Labor Demand Holds Strong Despite Higher Rates
January 4, 2023
Demand for workers held nearly steady at historically high levels in November, suggesting that the labor market remained strong heading into 2023, despite higher interest rates and concerns about an impending recession.
The Job Openings and Labor Turnover Survey (JOLTS) for the month showed that there were nearly 10.5 million job openings, down slightly from October’s total, but well above the 10 million projected by FactSet and pre-pandemic norms. In November, there were 1.7 job openings for every unemployed worker actively looking for a job.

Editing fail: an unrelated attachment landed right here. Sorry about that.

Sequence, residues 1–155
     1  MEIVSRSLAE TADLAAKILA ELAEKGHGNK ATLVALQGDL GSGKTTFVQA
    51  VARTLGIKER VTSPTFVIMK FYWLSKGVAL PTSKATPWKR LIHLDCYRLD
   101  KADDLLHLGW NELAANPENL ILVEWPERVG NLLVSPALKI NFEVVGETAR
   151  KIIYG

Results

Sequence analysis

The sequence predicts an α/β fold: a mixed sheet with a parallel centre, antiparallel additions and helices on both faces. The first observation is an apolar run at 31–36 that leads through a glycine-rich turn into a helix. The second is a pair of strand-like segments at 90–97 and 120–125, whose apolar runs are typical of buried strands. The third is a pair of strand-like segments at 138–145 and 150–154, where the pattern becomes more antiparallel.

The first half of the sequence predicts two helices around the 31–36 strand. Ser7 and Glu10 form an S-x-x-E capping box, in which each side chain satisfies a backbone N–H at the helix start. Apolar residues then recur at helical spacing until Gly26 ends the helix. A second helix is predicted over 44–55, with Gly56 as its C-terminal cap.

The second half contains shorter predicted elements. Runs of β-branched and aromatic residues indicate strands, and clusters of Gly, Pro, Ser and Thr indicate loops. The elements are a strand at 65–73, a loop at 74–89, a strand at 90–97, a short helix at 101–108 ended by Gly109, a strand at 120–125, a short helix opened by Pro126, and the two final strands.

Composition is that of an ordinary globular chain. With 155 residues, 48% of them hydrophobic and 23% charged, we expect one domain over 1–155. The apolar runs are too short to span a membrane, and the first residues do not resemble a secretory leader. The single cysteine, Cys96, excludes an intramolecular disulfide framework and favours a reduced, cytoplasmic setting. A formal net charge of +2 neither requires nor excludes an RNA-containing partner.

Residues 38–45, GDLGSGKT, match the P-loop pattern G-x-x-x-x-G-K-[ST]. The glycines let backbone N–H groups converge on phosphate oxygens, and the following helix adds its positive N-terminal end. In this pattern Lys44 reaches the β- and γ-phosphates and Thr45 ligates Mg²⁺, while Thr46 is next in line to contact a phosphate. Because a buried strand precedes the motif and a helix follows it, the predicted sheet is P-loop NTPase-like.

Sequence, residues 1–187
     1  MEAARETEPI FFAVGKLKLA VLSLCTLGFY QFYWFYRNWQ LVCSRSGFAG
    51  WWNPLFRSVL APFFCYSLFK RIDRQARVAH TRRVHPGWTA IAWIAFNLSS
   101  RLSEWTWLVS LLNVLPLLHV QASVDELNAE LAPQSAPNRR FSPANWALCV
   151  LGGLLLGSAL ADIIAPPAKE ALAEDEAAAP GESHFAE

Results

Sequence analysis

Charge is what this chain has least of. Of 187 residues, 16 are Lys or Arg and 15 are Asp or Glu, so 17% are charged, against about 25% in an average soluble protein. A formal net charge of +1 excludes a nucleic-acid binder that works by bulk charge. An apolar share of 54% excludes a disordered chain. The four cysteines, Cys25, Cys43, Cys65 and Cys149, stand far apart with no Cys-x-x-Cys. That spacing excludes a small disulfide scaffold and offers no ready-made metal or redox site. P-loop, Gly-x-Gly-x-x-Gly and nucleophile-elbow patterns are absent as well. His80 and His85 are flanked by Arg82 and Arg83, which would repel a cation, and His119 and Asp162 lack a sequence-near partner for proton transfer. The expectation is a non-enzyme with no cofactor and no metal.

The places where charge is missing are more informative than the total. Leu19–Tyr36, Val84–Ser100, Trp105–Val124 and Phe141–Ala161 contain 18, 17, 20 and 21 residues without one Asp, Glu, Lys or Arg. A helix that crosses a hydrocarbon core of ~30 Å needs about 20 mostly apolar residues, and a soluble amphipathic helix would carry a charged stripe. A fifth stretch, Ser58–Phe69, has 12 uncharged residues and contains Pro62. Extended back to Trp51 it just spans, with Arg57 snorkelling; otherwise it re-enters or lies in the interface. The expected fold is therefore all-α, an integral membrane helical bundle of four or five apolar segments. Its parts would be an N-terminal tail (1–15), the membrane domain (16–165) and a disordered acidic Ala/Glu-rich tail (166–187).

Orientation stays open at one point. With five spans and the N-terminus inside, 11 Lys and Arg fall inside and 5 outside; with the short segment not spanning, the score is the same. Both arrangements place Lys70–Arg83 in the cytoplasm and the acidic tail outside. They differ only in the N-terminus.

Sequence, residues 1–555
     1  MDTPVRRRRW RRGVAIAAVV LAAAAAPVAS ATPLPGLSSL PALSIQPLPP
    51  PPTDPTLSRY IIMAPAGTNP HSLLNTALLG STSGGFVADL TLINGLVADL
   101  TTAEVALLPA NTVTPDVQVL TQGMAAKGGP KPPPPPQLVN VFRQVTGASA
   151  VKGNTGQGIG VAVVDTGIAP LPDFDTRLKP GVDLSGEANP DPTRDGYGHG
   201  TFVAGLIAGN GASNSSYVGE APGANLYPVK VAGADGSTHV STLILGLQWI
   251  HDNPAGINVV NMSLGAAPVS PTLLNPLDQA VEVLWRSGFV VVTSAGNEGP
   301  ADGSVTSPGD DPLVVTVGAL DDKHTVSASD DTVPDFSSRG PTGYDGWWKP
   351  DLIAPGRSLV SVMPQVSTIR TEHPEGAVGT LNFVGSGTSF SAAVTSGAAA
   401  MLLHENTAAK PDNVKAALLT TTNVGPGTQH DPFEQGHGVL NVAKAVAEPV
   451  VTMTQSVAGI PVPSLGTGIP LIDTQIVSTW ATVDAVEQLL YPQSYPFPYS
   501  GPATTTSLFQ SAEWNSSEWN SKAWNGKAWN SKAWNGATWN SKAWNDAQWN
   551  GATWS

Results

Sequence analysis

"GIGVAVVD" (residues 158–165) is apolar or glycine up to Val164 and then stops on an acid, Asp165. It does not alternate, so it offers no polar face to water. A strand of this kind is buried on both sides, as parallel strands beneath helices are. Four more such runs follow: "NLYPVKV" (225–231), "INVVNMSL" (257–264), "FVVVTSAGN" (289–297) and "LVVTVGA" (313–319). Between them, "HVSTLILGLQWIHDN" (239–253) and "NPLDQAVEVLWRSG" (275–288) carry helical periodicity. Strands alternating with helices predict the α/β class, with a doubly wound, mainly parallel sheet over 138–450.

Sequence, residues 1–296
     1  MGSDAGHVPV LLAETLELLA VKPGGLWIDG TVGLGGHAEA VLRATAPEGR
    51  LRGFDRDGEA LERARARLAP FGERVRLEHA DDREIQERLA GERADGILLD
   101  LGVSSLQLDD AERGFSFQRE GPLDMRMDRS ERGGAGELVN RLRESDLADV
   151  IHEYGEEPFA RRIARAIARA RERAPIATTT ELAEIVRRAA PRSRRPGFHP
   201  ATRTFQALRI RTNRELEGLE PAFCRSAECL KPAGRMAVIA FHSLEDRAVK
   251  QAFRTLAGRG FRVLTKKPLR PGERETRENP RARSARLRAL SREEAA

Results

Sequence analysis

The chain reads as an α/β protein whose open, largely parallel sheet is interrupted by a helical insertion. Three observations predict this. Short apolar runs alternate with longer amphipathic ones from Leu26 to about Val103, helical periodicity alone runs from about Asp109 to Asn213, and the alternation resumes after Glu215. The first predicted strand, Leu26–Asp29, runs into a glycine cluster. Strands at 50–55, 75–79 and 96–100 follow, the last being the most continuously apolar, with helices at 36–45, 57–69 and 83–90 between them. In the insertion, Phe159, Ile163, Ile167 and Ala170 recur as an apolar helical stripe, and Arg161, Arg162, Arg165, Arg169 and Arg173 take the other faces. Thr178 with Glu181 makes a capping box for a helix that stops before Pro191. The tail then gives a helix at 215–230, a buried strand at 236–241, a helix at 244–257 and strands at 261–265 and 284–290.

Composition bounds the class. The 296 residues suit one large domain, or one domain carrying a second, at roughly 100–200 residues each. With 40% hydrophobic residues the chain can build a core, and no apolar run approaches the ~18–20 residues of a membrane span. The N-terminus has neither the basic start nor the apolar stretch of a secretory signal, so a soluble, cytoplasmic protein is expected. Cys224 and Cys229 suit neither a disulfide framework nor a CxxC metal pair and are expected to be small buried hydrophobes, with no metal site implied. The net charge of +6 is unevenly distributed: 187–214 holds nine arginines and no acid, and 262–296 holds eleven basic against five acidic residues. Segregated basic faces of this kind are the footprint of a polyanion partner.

As a share of the total labor force, job openings held steady at 6.4%, indicating strong demand for workers despite the Fed’s efforts to cool the economy and bring down inflation, which has been driven in part by higher wages.
The report also showed that layoffs stayed low, despite some layoff announcements from high-profile businesses. The share of workers who quit their jobs voluntarily increased in November from a month earlier, a sign Americans were still confident in their employment prospects. A high quit rate could keep pressure on wage growth, because workers typically only voluntarily leave jobs because they can receive higher wages elsewhere.
The JOLTS survey is closely watched by Federal Reserve officials for signs of labor market slack, and the recent report shows how resilient the labor market has been, which is likely to keep the Fed on its aggressive path of rate hikes.